I'm a lead developer for a small company and I've recently came across a way to implement version control (git) on our workflow because the company is growing. In terms of infrastructure we have a couple of "production" servers, a development(accessible over the internet) server and an internal development server with internet access but blocked by a hardware firewall. Our current workflow consists of:

  1. init a repo inside the production server with the proper .gitignore for that project and do the initial commit
  2. push that commit to a bare repo inside the development server
  3. clone the repo from the development server to the internal development server
  4. make a network share on samba on the internal developlemt server so other network computers (we are all running windows) can connect to it.

I know for sure that this is a bit too complicated, but we want to try out git and make the workflow as easy as possible.

I've been reading about git-flow and stuff but so far I've been unable to get the workflow just right, I think that having the two development servers adds some redundancy.

Can someone share any tips on how to improve this workflow?

  • What kind of servers are these (Web Servers? Git Servers? Some Other Servers?) and what are you trying to accomplish? Are you trying to stand up some git servers? – WindRaven Apr 7 '15 at 18:36
  • These are web servers running Nginx, php-fpm, MySQL and memcache/varnish. I'm trying to setup a structured workflow to establish some "rules" in case the company decides to hire more developers. – ddrjm Apr 7 '15 at 21:44
  • It is now starting to make some sense why you were confused about git-flow. git-flow is a development workflow not a deployment workflow. Ill type up an answer about deployment workflows for git. – WindRaven Apr 8 '15 at 14:54
up vote 0 down vote accepted

While I have not used this method in production I have been looking at using git to deploy code to our prod server. The basics is that you set up a bare git repo on any server you want to deploy to and then add that as a remote to another repository. When you are ready to deploy you just push your code to the remote repository. From my research I am looking at setting up a git repository on a server for developers to push to and then using git hooks on master and develop to push to my prod and dev servers (based on the branch).

The key to understand is that the "Basic" workflows for git are more targeted to developers than to deployment since git is primarily an SCM system.

The process I am working on uses a central git server with a post-receive hook to push to remotes on each dev or prod server. Then on the prod server I use a post-receive hook to checkout the newest code into the proper directory.

For more information and some detailed directions https://www.digitalocean.com/community/tutorials/how-to-use-git-hooks-to-automate-development-and-deployment-tasks has been rather helpful for setting up the dev and prod servers as well as good information on post-receive hooks (which are simple bash scripts executed after a push is complete).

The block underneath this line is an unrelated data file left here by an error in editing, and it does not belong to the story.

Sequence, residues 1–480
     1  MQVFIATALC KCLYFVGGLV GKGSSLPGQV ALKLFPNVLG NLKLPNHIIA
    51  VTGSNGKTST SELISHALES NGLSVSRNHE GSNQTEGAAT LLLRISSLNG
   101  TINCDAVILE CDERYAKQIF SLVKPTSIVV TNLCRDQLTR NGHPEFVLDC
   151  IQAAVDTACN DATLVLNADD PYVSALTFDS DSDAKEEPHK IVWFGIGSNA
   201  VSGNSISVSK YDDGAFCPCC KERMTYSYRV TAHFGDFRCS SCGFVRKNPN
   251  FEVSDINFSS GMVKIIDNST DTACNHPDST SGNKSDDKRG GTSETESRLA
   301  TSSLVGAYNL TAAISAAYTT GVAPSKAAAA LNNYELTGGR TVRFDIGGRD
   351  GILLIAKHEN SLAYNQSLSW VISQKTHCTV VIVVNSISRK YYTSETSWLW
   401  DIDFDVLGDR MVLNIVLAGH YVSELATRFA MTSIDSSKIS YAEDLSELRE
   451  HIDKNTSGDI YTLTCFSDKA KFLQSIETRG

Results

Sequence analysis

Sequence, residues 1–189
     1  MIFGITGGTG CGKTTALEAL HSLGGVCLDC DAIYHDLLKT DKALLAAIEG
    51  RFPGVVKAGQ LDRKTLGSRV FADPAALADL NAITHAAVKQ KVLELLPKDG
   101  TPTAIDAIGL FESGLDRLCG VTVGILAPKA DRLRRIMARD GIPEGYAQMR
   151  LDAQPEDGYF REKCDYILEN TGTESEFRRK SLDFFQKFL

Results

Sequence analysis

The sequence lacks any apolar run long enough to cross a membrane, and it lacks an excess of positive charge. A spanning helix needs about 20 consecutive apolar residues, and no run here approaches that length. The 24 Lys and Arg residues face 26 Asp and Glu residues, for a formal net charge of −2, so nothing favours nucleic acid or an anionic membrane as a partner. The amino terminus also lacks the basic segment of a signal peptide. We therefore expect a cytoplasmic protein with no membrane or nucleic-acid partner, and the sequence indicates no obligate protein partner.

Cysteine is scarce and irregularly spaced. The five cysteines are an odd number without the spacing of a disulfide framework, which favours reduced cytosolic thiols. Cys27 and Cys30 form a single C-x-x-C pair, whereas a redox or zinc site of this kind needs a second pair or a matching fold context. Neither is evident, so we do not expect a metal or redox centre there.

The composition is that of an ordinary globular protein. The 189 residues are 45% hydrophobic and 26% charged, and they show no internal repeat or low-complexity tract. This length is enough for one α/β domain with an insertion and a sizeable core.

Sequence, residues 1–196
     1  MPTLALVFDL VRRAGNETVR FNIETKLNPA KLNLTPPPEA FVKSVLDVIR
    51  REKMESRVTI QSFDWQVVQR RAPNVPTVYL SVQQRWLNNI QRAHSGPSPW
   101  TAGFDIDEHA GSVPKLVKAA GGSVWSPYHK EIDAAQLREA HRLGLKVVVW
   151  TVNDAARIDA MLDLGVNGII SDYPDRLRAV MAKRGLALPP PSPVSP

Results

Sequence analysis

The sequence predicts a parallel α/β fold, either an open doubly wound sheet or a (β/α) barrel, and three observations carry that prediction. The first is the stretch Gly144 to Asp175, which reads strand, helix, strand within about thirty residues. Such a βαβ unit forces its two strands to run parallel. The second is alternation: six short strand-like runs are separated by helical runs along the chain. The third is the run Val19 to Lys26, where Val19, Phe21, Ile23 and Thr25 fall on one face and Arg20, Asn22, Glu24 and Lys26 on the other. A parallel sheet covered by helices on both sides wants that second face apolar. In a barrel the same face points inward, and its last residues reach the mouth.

EDIT: Expansion for the comments. In the above I am not pushing from the dev server to production. I have a central git server that all my developers push to. On that git server I have a git hook to push to my dev servers (remotes set up only on the central server) when a push to my development branch is made and production servers when a push to master (production branch) is made.

For development we use the git-flow workflow and all devs have a local (on their development machine) instance of the web server software we use. Any changes they make are only on their feature branches and are not merged and pushed to develop (our development branch) until the change is complete. Initial testing is done on their local machine to ensure the code is ready and then depending on the change on the code reviewers machine after a test merge with develop (make a new branch from develop and merge the feature branch in. If there are no issues then merge the new integration branch into develop and push to the server)

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    Hmm this is indeed useful for deployment, but from what I understand in your post, you seem to be pushing from development to production which means you won't have any chance to test what could be wrong I think. – ddrjm Apr 8 '15 at 23:52
  • For example: Have developer A and B. A is working on a feature, B is working on another feature, how do I manage debugging and the code consistency on the dev sever? lets Say dev A has pushed some code that will break the website, and dev B pushes also the code that will add a new feature, (both are on different branches), how would I make sure that Dev B doesn't see the error that Dev A made so he can test freely? – ddrjm Apr 8 '15 at 23:59
  • Why don't you provide it with an empty document and perform required changes? – Basilevs Apr 9 '15 at 3:19
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    @ddrjm you mention development as well. I will edit my answer and add additional information. – WindRaven Apr 9 '15 at 11:24
  • @WindRaven, I now understand what you are saying but there is one small technical issue that is bugging me: Both production and development servers are using an nginx stack (on linux) and most of the team computers are running windows, I like the idea of having a local dev environment (I'm used to XAMPP), is there any reliable stack (like xampp) for nginx on windows? The reason I'm asking is because that way it would be easier to setup on all the windows computers :) – ddrjm Apr 9 '15 at 19:50

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